Next, in the extrude cut, I used an up to next end condition instead of a fixed blind value. Just seems to be more flexible.

If we want to have fun, the next step is to convert the solid to sheet metal. make the bends and rips, unsuppress the flat pattern, print, cut and fold. Print out an image of the rendered part and the flat pattern. Now just place it on your desk as a conversation piece.

Jan, I like your work – I have followed it for a while. I like this thread, it has produced some good discussion – I will add to it (hope you don’t mind).

I have tried; to see if I could and to see if it would be reliable (it seems to be?) – produce the same shape as a single part from a wire frame! The wire frame is a single 3d sketch – took some effort. The model is then surface loft (x4) a pattern and knit to solid.

The base feature is an inscribed sphere – the only dimension to alter – it gives the size across flats, the rest of the model is driven by relations in the 3d sketch.

Enjoy – I did. Thanks.

Have a look…..

http://grabcad.com/library/dodecahedron-from-wire-frame/files

thank you sir………….

then

how to draw a helical gear, bevel gear and more gears………..

Just as Julian, I tried it the wireframe way.

There is only a 3D sketch for the “wire envelope” and only TWO dimensions: one variable, for the edge length and 108 degrees for the angle between two edges connected at the same vertice.

Start with a pentagon and make all five points ON PLANE (top one). Selec all lines and make them equal then add a dimension to make it fully defined.

After that, start drawing the edges and dimension the two 108 angles for each one, to define the direction. Once you add the EQUAL relation the new edge is fully defined.

Work your way “up” until you define the whole frame.

That’s a very nice approach Julian. I always like to have the geometry do as much of the work as possible.

I’ve found this to be an entertaining post, mainly because I’m probably one of the very few people that has ever actually NEEDED to draw a dodecahedron! I can say in 24 years of CAD I’ve never had much need for platonic solids, however a friend was making die for a game. I extruded a pentagon, then assembled the sides, constraining edges to each other. I had hoped to come up with a pure/mathematical solution but this was quick and practical. In just a few minutes we were printing it on the 3D printer. If I recall correctly I think we made the faces concave for style and then extruded up the numbers.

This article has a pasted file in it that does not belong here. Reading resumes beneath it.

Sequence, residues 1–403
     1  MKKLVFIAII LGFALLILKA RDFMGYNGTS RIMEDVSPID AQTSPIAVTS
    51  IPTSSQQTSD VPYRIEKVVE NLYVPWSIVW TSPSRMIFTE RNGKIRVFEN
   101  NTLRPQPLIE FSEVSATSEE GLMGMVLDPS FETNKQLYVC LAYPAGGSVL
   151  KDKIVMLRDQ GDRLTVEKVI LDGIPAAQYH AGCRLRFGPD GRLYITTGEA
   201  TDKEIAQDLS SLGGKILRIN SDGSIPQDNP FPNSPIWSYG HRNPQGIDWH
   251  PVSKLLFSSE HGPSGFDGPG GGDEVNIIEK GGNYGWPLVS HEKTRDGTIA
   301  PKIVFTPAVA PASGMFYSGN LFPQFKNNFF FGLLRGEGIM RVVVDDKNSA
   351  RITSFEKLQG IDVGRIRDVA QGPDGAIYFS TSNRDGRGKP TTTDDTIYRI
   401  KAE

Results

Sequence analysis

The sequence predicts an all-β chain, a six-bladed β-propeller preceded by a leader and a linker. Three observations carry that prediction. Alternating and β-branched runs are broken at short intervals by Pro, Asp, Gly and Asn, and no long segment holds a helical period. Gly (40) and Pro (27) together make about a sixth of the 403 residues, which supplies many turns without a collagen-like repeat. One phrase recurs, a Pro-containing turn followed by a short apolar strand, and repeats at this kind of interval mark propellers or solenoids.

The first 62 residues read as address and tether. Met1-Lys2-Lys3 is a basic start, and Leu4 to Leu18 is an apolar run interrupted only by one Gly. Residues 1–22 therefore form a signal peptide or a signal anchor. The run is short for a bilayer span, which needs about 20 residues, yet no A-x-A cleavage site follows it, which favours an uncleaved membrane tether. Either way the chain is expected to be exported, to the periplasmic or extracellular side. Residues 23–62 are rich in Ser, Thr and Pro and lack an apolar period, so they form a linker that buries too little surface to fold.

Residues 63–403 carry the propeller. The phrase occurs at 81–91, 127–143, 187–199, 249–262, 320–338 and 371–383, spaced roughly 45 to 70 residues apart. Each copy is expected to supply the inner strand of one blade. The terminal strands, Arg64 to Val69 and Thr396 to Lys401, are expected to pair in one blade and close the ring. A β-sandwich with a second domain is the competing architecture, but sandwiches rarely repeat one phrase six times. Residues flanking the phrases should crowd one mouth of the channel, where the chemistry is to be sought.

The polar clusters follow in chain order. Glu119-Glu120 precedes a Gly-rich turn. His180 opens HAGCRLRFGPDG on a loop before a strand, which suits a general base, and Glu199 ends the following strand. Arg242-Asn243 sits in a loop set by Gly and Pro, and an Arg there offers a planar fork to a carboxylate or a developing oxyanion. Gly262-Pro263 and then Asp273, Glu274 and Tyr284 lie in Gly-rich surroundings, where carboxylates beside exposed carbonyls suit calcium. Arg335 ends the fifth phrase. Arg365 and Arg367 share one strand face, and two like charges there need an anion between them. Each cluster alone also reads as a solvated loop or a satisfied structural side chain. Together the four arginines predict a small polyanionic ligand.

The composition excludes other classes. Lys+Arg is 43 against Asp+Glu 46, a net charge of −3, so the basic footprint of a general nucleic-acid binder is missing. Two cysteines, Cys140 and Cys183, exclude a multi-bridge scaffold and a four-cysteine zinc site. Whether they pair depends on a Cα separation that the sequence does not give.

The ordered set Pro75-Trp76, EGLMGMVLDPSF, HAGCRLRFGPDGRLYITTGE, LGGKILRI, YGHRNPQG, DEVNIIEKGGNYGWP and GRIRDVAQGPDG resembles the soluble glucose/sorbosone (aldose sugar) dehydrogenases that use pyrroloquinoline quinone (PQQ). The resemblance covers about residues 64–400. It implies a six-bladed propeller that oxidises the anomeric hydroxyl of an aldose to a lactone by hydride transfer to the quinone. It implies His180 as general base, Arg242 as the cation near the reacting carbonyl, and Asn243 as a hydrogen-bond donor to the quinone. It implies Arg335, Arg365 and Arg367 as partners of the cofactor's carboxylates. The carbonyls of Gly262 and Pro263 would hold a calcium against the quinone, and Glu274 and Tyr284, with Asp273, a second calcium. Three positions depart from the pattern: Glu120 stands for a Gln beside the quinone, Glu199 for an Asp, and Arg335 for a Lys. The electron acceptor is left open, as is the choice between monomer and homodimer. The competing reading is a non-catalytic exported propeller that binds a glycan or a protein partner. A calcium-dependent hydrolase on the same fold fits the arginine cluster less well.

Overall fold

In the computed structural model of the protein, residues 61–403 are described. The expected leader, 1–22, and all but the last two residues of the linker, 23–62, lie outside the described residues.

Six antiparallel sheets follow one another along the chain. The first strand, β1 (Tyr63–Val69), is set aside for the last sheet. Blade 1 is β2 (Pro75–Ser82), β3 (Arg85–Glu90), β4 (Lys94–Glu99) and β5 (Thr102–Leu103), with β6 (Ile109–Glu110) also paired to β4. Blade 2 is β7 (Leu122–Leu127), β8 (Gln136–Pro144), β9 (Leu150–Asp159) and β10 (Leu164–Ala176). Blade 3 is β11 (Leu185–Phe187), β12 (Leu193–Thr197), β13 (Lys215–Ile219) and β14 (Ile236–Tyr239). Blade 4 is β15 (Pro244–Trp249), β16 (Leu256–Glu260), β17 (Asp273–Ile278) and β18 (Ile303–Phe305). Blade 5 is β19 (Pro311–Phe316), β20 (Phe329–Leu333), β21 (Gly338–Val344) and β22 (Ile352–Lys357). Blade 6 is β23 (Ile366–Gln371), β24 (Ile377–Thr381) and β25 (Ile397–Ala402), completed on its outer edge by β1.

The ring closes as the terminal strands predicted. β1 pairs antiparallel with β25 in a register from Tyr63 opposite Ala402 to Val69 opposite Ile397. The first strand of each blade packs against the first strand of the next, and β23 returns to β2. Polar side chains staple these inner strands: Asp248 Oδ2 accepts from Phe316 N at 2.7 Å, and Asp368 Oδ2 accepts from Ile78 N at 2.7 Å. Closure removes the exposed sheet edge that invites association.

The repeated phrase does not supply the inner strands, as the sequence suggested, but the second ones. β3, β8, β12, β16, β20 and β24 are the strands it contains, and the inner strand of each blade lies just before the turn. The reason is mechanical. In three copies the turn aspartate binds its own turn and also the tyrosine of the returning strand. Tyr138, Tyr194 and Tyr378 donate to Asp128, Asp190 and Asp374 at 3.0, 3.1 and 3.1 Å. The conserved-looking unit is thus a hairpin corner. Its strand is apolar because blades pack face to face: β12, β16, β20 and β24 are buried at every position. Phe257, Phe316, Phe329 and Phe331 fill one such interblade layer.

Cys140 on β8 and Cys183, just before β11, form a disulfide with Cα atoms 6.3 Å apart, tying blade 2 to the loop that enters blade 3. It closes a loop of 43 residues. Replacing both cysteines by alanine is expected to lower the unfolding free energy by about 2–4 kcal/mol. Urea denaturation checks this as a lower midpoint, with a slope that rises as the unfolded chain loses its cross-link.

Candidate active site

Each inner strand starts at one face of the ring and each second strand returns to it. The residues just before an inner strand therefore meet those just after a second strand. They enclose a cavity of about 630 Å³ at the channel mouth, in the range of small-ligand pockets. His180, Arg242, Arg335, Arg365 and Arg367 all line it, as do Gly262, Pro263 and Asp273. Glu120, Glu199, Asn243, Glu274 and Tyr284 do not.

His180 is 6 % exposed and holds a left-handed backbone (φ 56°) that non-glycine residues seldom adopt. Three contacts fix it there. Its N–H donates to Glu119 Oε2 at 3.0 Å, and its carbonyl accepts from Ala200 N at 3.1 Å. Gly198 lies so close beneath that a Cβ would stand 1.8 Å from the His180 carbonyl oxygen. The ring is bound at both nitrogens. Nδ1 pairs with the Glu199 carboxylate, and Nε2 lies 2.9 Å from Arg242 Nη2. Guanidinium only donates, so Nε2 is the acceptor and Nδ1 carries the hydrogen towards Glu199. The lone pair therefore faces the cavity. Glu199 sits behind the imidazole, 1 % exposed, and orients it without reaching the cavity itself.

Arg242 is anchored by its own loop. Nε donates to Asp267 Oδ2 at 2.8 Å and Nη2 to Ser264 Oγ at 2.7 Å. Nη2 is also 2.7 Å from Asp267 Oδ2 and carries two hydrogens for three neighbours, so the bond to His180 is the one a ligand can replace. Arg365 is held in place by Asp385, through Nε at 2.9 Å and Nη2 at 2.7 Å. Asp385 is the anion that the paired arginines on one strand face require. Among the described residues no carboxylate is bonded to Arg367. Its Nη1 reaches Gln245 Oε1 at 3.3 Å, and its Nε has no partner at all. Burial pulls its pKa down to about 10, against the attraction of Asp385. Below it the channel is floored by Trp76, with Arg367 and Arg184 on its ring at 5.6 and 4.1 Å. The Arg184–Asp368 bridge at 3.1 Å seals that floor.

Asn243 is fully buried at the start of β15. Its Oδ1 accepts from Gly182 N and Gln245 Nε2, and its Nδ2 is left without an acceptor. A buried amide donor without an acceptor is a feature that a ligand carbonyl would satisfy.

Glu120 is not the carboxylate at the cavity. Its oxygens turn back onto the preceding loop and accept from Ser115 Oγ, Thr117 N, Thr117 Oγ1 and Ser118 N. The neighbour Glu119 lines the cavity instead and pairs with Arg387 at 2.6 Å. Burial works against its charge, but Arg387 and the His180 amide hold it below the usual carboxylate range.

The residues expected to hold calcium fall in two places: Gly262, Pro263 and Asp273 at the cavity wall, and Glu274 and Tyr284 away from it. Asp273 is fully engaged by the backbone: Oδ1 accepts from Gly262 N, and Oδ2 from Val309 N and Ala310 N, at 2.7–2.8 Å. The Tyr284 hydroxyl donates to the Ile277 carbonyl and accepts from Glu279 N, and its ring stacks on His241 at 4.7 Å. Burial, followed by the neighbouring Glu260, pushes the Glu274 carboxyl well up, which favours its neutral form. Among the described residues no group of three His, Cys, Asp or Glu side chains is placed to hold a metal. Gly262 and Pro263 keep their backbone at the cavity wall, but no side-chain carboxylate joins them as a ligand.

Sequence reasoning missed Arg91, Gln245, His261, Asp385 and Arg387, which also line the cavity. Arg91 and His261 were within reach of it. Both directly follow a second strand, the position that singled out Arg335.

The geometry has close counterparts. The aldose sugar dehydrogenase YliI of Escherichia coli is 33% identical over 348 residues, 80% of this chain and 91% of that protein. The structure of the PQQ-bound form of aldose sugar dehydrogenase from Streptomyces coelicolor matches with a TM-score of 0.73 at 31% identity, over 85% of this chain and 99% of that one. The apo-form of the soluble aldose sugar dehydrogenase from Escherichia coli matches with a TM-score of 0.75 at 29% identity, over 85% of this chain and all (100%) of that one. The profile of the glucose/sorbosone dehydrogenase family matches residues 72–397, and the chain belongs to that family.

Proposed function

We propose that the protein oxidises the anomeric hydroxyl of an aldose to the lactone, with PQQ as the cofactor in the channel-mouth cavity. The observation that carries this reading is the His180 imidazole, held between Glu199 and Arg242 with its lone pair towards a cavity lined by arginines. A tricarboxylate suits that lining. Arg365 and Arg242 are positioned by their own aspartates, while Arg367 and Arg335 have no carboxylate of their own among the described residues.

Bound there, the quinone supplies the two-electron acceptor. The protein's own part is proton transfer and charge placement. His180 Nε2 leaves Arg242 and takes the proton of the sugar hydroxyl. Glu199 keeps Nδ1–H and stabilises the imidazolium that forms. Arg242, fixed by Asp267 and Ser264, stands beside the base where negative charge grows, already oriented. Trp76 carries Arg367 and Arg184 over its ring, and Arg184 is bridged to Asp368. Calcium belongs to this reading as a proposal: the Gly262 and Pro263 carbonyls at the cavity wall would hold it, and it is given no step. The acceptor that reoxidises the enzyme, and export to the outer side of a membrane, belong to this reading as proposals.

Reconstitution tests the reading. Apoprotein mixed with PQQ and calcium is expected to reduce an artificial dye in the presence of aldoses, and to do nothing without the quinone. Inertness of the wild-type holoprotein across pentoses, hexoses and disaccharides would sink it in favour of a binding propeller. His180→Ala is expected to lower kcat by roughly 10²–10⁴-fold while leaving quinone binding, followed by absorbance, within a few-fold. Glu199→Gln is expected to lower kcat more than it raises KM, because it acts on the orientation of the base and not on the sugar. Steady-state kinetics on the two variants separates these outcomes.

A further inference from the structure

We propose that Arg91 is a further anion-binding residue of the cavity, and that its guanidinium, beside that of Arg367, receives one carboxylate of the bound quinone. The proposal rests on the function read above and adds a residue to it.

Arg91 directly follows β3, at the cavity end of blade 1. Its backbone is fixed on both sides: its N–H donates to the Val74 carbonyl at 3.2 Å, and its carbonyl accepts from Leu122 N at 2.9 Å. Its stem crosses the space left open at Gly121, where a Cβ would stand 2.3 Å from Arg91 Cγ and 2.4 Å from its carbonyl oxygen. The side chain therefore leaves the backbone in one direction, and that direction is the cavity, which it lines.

I have no need to do this, but was intrigued by the idea for a mathematical approach.

I little further into it; I have used equations to drive a part file that will generate all five of the platonic solids to a solid. The user inputs are the Id and type of solid wanted – i.e. size and number of sides.

The most pointless is the cube! The most difficult to fit in to my methodology was the octahedron. Was worth the effort to learn equations a little deeper, and use the newer style equation editor.

http://grabcad.com/library/platonic-solids-x5

I will stop now!

Hello,

My equations window is different as well. What is the procedure when it is different than what you are displaying?

Val

Hi Val, I am not sure. Which SW version do you use?

Aloha,

I live in Hawaii and am trying to create a dodecahedron for an award. I am using the 2012 edition and the equation window is completely different and I have been goggling for 3 days now trying to find how to make this model with the software I have. Also I was able to find a 2009 edition of solidworks and I tried this tutorial, followed every step but the second equation said it was not correct. PLEASE HELP ME JAN!

Jan,

Help I’m using SW2014 and the Equations window is completely different! How do I make the equations work?

Thanks,

Brian

You don’t need Equations. Use geometry in the sketch to make the design.

https://grabcad.com/library/dodecahedron-2-step-1